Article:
Tuesday, November 16, 2010

Of a fleet (of worlds) passing in the night

A recurring theme in reader emails and some reviews of Fleet of Worlds series books is, "Why don't the [your choice of crafty Known Space species] notice the Fleet as it barrels through space? Even today, astronomers see stars across great distances, and the worlds of the Fleet (with one exception, discussed below) are lit by artificial suns.

The traditional answer (found in Ringworld, long before my entry into Known Space) is that no one thought to look between the stars. People (and Kzinti, and ...) hunted for Puppeteers on some as-yet undiscovered conventional world orbiting a sunlike star.

What about before the Fleet set "sail" (not that, pre-Ringworld, anyone in Known Space suspected world-moving technology could exist)? Puppeteers had long ago relocated their planets to new orbits far from their sun -- which had undergone late-in-life expansion into a red giant. Any artificial suns close to planets would be very hard to spot from a great distance against the backdrop luminosity of a red giant!

In short: the Fleet went undetected because everyone looked in the wrong places.

But there's a second, more quantitative answer. I'm not sure it needs to be spelled (numbered?) out in the context of storytelling, but I think it's worth relating somewhere. So here goes.

The short answer is: the artificial suns are small.

Life on Earth depends on sunlight -- but Earth does not receive much of the sun's light! The two relevant parameters:

  • Earth's average orbital radius (149.6 million kilometers, in scientific notation, 1.496 E8 km)
  • Earth's radius (6,378 kilometers, aka 6.378 E3 km)
A sphere sized with Earth's orbital radius has a surface area of 2.812 E17 km sq. Earth's cross section (defined by the intersection of a plane with Earth's equator) is a mere 1.278 E8 km sq.

The ratio is (1.278 E8) / (2.812 E 17) = 4.5 E -10 (and note the negative exponent!)

Earth intercepts about 1/20th of a billionth of the energy emitted by the sun.

The worlds of the Fleet of Worlds are Earth-like. To a first approximation then, the Puppeteers need to supply each world with as much energy as the solar energy Earth gets. If the artificial suns orbit close to the worlds they warm, then about half of the energy they put out will reach the world below. So, (in round numbers), the artificial suns that warm and light one world will together emit 1/10th of a billionth of the energy emitted by our sun. Four such artificially maintained worlds will emit 4/10s of a billionth of the energy emitted by the sun.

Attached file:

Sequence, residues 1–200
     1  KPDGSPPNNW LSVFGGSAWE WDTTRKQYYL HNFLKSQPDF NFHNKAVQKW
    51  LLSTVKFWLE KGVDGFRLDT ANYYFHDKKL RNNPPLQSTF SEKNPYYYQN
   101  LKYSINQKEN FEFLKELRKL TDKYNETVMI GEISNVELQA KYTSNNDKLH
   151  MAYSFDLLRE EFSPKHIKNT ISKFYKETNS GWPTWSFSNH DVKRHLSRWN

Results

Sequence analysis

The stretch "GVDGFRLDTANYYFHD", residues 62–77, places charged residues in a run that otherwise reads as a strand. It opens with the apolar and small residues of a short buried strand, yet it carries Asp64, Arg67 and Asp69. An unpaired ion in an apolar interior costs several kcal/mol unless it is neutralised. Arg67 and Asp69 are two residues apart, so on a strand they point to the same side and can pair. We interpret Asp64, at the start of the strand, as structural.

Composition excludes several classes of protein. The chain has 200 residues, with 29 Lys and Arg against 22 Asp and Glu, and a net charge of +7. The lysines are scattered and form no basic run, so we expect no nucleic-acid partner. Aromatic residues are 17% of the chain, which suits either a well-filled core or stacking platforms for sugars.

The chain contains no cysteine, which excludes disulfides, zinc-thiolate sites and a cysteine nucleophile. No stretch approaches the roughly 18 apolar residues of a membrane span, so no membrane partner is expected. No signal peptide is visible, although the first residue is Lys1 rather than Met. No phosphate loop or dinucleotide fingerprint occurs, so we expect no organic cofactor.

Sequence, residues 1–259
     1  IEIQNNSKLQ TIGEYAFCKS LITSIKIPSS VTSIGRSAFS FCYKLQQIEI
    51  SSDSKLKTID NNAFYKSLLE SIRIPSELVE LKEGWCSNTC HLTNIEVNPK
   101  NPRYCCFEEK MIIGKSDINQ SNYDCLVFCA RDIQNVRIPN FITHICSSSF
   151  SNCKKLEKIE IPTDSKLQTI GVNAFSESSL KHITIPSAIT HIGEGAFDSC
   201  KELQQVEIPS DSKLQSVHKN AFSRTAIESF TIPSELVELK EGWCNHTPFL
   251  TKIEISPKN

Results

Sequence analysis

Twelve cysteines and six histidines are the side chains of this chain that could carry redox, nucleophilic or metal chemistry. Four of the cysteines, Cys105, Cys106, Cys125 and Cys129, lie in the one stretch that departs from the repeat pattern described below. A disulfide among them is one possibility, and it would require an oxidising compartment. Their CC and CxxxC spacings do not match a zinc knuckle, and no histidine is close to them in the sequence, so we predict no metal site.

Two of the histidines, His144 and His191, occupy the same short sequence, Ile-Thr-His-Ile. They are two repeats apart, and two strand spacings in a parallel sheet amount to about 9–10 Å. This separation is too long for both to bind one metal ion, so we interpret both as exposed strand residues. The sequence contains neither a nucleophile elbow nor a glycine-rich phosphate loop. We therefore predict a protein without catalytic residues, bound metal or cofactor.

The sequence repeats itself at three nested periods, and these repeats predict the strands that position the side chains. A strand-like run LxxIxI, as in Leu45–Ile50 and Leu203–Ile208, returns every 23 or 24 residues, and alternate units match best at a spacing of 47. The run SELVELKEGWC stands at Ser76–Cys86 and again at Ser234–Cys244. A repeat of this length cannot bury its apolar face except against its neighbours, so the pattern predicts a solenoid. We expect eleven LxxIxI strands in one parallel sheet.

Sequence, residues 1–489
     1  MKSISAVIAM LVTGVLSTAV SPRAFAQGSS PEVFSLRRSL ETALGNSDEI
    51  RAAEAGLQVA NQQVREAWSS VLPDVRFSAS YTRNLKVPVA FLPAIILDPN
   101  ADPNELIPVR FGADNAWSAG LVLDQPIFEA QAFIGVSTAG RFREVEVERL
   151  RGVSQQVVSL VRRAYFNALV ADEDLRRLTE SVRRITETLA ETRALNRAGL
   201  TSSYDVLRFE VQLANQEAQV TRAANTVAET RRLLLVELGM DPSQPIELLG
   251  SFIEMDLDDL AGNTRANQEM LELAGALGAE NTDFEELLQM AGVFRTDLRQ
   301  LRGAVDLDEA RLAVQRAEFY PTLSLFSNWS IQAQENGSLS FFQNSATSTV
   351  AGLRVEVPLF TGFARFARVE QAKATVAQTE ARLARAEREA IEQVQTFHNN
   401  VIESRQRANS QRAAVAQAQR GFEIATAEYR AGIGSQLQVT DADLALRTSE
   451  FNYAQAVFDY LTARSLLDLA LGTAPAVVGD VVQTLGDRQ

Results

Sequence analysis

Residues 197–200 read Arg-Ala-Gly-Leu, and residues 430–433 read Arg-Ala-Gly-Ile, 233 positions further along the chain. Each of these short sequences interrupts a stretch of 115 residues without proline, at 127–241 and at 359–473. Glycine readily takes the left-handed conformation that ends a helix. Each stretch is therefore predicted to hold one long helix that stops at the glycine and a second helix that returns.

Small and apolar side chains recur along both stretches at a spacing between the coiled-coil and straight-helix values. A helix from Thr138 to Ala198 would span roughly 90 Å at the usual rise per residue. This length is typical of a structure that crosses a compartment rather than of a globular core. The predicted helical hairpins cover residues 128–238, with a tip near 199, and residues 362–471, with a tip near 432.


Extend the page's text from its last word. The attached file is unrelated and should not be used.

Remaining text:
The fifth world, the Puppeteer home world [Hearth], is heated solely by its own industrial waste heat (derived from fusion using heavy hydrogen in Hearth's oceans). To a first approximation, that involves as much energy as is used to light and heat the Fleet's farm worlds. So: we're up to 5/10s of a billionth of solar output: 5.0E-10 of solar output.

For comparison, the smallest, coolest red dwarf stars emit only about 1 / 10,000 the energy of what our sun emits. The energy emitted by all five worlds of the Fleet is but 5 millionths as energetic as the dimmest red dwarf!

So there you have it: another reason not to notice the Fleet of Worlds, unless the (insert here: name of preferred high-tech species) is very close and very observant.

All that said, what if you happened to get close? (The Fleet is far from Earth, far from the boundaries of what humans arrogantly call Known Space). Would you -- especially with far-future advanced instruments -- see the worlds of the Fleet? Identify them as something very special?

Hell, yes.

  • Relative to the galaxy as a whole, they're zipping along at relativistic speeds. 
  • The light they emit varies very quickly (because the artificial suns orbit close to the worlds, the worlds orbit around each other, and the emissions of the suns vary to mimic day/night and annual cycles). 
  • One world, lacking suns, puts out as much energy as any of the others, but mostly in infrared (the waste heat). 
No way would the discoverers not be very curious.

And no wonder the Puppeteers got more terrified than usual once they abandoned their traditional hiding place ...


Lawrence St. John McGee said...

10/10 - Awesome explanation.

Now what's next for the Fleet? Please tell us there's more to come!

Edward M. Lerner said...

Glad you liked the post. I've been meaning to write about this subject for quite a while.

Yup, there is more of Worlds in store -- and unlike what you've seen so far, the next installment will be a Ringworld (et. al.) sequel.

- Ed

Captain Ahab said...

Don't feel obliged to make this comment public, just know that I finished Betrayer yesterday and had forgotten who Chiron was. Post-googling, post-goosebumps and post-mind-blowing, I came here to see your update there in the comments.

You just made my day. Keep us updated!

Edward M. Lerner said...

Goosebumps and mind-blowing. How could I not want to make your comment public? :-)

Thanks for your comment.

- Ed

Erik said...

More 'of worlds' in the works? Awesome! Niven and you are a dangerous combination, like Louis and Sigmund I guess.
Thank you!

Edward M. Lerner said...

"Niven and you are a dangerous combination, like Louis and Sigmund ... "

Thanks, Erik.

But which of us is Louis and which Sigmund? Perhaps the fact that I asked means I'm the Sigmund :-)

- Ed

Erik said...

Nope. Judging from your variety of career paths and (based on your novels) sense of adventure, I put you as Louis.

Edward M. Lerner said...

I'm Louis? Cool.